Interesting facts about clarinets


The clarinet is a family of woodwind instruments.

The clarinet body is made up of a single-reed mouthpiece, barrel, upper joint, pads, keys, ring key, rod, lower joint, and bell.

Making a sound with the clarinet is easier than making a sound with many other wind instruments.

Blowing through the reed makes the reed vibrate, and therefore makes the noise. The body of the clarinet is a cylindrical tube with holes. The holes are covered by the fingers to make musical
notes. There are also buttons pressed by the fingers which allow pads over holes to open or close so all notes of the chromatic scale can be played. The buttons are usually played with the “pinkie”


Clarinets come in many different sizes, with different pitch ranges.

Most modern clarinet bodies are made out of African blackwood. It is this heavy, dark wood that gives clarinets their characteristic color.

When wood is harvested for clarinet-making, logs are sawed to between 1 and 1.2 m (3 and 4 feet) in length.

Clarinet manufacturing itself is a fairly conservative industry, relying on highly skilled craftspeople who do much work by hand. Most of the innovations in clarinet design are now 100 years


Though there are more than a dozen different modern clarinet types, the most common ones used in orchestras and bands are the B flat and A clarinets.

The clarinet has its roots in the early single-reed instruments or hornpipes used in Ancient Greece, Ancient Egypt, Middle East, and Europe since the Middle Ages, such as the albogue, alboka, and double clarinet.

The modern clarinet developed from a Baroque instrument called the chalumeau. This instrument was similar to a recorder, but with a single-reed mouthpiece and a cylindrical bore.


Around the turn of the 18th century, the chalumeau was modified by converting one of its keys into a register key to produce the first clarinet. This development is usually attributed to German instrument maker Johann Christoph Denner, though some have suggested his son Jacob Denner was the inventor.

During the Late Baroque era, composers such as Bach and Handel were making new demands on the skills of their trumpeters, who were often required to play difficult melodic passages in the high, or as it came to be called, clarion register.

Since the trumpets of this time had no valves or pistons, melodic passages would often require the use of the highest part of the trumpet’s range, where the harmonics were close enough together to produce scales of adjacent notes as opposed to the gapped scales or arpeggios of the lower register.


Clarinets were used in most large orchestras from about 1780.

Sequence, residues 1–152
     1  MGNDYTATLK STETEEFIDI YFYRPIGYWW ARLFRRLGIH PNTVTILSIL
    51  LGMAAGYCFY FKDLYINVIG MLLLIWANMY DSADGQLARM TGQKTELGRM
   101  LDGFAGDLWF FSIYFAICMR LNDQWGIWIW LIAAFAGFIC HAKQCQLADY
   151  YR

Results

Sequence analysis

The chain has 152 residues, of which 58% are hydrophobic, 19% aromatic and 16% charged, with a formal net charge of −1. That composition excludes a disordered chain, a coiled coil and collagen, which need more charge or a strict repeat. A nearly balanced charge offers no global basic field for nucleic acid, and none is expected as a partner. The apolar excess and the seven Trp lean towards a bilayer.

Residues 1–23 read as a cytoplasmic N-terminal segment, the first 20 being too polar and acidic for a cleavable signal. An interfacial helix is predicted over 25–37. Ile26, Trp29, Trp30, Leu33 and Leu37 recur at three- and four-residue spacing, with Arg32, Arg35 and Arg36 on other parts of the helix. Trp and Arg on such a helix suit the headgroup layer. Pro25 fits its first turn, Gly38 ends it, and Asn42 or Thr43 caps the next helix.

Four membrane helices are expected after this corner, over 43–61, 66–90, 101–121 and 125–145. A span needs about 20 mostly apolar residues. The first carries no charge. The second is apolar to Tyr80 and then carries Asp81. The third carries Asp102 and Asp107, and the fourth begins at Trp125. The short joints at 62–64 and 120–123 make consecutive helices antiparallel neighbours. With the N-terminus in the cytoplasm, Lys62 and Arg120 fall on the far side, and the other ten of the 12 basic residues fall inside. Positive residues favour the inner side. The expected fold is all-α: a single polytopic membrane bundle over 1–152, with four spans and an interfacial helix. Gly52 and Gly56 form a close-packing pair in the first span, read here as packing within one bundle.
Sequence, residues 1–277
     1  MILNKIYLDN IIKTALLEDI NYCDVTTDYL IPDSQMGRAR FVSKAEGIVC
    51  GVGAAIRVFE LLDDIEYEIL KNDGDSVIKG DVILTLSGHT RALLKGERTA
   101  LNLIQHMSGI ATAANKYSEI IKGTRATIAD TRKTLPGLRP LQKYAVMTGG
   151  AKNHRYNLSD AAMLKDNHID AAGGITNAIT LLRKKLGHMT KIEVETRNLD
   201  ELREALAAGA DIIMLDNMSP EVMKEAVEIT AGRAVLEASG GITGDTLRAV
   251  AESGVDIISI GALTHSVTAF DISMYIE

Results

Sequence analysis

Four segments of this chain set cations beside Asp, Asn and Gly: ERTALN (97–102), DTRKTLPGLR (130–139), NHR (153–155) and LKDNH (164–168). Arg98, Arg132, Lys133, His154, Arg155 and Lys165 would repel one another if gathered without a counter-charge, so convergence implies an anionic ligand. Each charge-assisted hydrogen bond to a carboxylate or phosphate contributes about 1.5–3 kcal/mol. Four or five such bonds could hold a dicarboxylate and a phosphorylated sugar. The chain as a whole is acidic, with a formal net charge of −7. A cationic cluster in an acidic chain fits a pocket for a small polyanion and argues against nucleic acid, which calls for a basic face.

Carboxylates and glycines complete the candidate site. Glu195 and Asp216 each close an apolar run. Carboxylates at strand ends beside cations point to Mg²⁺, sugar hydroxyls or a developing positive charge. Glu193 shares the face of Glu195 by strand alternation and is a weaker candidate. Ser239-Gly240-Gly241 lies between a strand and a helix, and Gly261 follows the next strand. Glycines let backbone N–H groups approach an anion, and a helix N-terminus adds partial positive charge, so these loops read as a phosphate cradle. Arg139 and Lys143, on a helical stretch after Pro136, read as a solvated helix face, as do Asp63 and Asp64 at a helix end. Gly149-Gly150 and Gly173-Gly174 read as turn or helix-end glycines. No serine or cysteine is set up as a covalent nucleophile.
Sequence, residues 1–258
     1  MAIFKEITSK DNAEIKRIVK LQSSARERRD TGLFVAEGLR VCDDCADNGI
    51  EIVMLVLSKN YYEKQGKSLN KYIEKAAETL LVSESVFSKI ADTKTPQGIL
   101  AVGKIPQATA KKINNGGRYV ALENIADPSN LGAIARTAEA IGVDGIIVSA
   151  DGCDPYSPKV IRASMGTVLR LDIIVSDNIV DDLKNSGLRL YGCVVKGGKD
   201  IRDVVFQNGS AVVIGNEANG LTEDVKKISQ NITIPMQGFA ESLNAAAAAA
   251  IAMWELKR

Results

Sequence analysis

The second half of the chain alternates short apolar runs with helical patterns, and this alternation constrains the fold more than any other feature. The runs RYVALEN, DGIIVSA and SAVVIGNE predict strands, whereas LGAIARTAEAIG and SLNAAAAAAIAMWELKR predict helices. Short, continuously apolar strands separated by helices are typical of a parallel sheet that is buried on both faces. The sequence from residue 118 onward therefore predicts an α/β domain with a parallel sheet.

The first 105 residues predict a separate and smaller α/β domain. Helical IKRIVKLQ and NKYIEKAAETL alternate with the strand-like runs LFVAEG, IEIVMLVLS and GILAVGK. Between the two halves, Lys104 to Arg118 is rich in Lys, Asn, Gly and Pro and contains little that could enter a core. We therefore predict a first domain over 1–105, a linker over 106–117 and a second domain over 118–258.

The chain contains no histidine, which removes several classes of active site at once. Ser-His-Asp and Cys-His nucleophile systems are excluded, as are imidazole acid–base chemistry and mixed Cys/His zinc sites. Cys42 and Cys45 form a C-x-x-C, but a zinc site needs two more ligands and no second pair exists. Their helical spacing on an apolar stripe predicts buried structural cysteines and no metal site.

A number of clarinet concertos have been written to showcase the instrument, with the concerti by Wolfgang Amadeus Mozart, Aaron Copland and Carl Maria von Weber being particularly well known.

The clarinet was originally a central instrument in jazz, beginning with the New Orleans players in the 1910s. It remained a signature instrument of jazz music through much of the big band era into the 1940s.

The name derives from adding the suffix -et, meaning little, to the Italian word clarino, meaning a particular trumpet, as the first clarinets had a strident, but pleasing tone similar to that of a trumpet.


A person who plays a clarinet is called a clarinetist (sometimes spelled clarinettist).

Ivory was used for a few 18th-century clarinets, but it tends to crack and does not keep its shape well.

Today, beginner clarinets usually range in cost from $500 to $1100. Intermediate, or step-up clarinets usually range in cost $1,300 to $2,800 and entry level pro clarinets (still largely played by advanced students) around $2000 and up.


The Selmer Paris Model 41 Contrabass Clarinet is the most expensive clarinet in the world at $35,775. It features a Bb bore, 33.9 mm pitch, and 442 range to low C. With adjustable silver-plated keys and bell neck, along with a Rosewood body, the clarinet provides rich tones. Considered a favorite in many college music programs, the Selmer Paris Model 41 Contrabass Clarinet offers afull, rich sound. It projects the perfect tone for a wind ensemble or military band.

The second most expensive clarinet in the world at $25,000 belonged to a very famous jazz musician Benny Goodman.


The most expensive clarinet ever sold in the 21st century was Benny Goodman’s clarinet. It was sold for $25,000.

The largest clarinet ensemble consists of 367 people, and was organised by Vanguel Tangarov, Victor Chavez, Jessica Harrie, Gary Sperl, Robert Walzel, and Mitchell Estrin (all USA), in Knoxville, Tennessee, USA, on 26 July 2019.